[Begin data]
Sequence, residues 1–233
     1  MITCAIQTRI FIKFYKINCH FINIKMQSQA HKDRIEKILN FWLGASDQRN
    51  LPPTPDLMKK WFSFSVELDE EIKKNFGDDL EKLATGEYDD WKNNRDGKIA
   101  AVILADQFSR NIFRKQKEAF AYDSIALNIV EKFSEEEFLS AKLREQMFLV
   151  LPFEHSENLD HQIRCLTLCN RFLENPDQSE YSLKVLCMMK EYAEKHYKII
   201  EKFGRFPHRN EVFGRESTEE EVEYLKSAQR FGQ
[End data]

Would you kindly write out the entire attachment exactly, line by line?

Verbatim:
Sequence, residues 1–233
     1  MITCAIQTRI FIKFYKINCH FINIKMQSQA HKDRIEKILN FWLGASDQRN
    51  LPPTPDLMKK WFSFSVELDE EIKKNFGDDL EKLATGEYDD WKNNRDGKIA
   101  AVILADQFSR NIFRKQKEAF AYDSIALNIV EKFSEEEFLS AKLREQMFLV
   151  LPFEHSENLD HQIRCLTLCN RFLENPDQSE YSLKVLCMMK EYAEKHYKII
   201  EKFGRFPHRN EVFGRESTEE EVEYLKSAQR FGQ